Essay by etCollege, Undergraduate October 2002

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Criminology is the study of lawmaking, lawbreaking, and reactions to crime. There are two parts that when combined make up the definition of criminology. The first part is lawmaking which is primarily influenced by society, our culture, and our leaders. When making laws, you must first decide if the act is criminal or not. For example, we know that murder, robbery, and rape are morally wrong, but we still must have laws against these acts to try and keep them from occurring. The second part of the definition of criminology is the study of lawbreaking. The main question that criminologists want to know is how and what drives people to commit crime. This includes everything from shoplifting to mass murders. The offender knows it is wrong but commit's the crime anyway, even though they are aware of the consequences. Criminologists have listed several factors that may give some insight on the types of people who commit crimes.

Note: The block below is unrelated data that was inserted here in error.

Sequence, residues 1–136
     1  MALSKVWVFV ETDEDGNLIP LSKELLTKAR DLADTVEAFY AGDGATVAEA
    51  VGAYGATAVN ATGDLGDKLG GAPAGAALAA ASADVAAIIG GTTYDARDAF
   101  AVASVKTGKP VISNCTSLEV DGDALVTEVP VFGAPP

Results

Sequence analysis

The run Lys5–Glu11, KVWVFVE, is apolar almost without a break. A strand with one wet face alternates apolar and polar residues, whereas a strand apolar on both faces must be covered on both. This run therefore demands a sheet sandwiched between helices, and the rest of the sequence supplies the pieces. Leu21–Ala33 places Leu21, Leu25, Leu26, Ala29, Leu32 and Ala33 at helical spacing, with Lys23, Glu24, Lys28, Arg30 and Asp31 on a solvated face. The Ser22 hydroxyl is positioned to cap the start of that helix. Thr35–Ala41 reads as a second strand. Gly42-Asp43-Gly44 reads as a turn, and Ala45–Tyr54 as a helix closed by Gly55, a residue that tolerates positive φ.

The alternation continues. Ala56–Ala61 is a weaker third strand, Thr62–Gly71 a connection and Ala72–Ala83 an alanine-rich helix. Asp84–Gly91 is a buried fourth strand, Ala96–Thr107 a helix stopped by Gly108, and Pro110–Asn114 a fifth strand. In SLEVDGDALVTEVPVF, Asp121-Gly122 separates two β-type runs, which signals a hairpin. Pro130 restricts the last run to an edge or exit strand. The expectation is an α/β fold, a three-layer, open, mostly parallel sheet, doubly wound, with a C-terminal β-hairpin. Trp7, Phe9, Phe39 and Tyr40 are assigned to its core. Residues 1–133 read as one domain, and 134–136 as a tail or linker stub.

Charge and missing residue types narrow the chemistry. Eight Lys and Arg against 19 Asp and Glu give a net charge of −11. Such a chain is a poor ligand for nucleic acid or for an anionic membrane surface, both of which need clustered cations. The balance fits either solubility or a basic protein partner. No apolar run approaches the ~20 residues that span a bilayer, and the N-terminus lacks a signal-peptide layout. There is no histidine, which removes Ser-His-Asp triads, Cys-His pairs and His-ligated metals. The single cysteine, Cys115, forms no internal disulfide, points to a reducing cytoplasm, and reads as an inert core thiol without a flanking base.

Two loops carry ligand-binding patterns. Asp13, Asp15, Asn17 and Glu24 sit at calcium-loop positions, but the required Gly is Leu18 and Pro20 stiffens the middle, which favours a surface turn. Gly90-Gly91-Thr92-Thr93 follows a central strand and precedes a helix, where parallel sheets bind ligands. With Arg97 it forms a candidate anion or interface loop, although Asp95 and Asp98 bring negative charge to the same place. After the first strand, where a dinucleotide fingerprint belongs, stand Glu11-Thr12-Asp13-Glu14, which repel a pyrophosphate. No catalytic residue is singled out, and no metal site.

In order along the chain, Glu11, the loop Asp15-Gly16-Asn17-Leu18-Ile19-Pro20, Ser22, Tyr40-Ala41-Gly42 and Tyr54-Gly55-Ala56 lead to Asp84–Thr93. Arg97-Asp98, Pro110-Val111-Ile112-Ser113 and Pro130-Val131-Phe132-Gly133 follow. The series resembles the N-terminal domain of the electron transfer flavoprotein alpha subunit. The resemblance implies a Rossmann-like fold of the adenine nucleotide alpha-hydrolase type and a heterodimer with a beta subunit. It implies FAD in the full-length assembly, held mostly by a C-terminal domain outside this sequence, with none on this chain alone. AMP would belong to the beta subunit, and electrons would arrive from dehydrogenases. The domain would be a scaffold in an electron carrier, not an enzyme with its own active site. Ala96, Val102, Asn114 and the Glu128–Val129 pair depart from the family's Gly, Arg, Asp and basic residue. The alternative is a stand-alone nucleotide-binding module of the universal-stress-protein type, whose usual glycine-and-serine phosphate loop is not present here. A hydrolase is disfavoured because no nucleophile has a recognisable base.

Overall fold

Some examples are family relationships, peers, neighborhoods, social class, gender, race, and employment status. Another major area of criminology is the study of the reactions to crime. This basically means how or what our state and federal government is going to deal with the offenders. The more violent the crime, the harder the punishment will be. What all this boils down to is that crime is a human act that violates the criminal law that our government, and our society has included as being criminal. Anyone who breaks the law will be labeled as a criminal. A criminal is a person whose actions have violated the criminal law. We focus mainly on what crime is and the study of criminal behavior, but we must also remember that when a crime is committed, there is always a victim. The victims of the crime are...